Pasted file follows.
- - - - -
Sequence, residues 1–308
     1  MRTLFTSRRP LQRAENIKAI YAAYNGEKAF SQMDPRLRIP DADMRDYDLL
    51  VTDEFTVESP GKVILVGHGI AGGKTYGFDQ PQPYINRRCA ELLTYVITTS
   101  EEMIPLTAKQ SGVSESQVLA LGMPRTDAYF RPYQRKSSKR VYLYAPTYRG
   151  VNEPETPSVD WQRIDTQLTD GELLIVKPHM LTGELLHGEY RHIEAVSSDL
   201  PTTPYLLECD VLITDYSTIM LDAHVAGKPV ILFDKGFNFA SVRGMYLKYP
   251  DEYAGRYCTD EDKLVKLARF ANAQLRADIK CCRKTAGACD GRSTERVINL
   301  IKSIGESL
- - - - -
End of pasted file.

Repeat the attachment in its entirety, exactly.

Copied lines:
Sequence, residues 1–308
     1  MRTLFTSRRP LQRAENIKAI YAAYNGEKAF SQMDPRLRIP DADMRDYDLL
    51  VTDEFTVESP GKVILVGHGI AGGKTYGFDQ PQPYINRRCA ELLTYVITTS
   101  EEMIPLTAKQ SGVSESQVLA LGMPRTDAYF RPYQRKSSKR VYLYAPTYRG
   151  VNEPETPSVD WQRIDTQLTD GELLIVKPHM LTGELLHGEY RHIEAVSSDL
   201  PTTPYLLECD VLITDYSTIM LDAHVAGKPV ILFDKGFNFA SVRGMYLKYP
   251  DEYAGRYCTD EDKLVKLARF ANAQLRADIK CCRKTAGACD GRSTERVINL
   301  IKSIGESL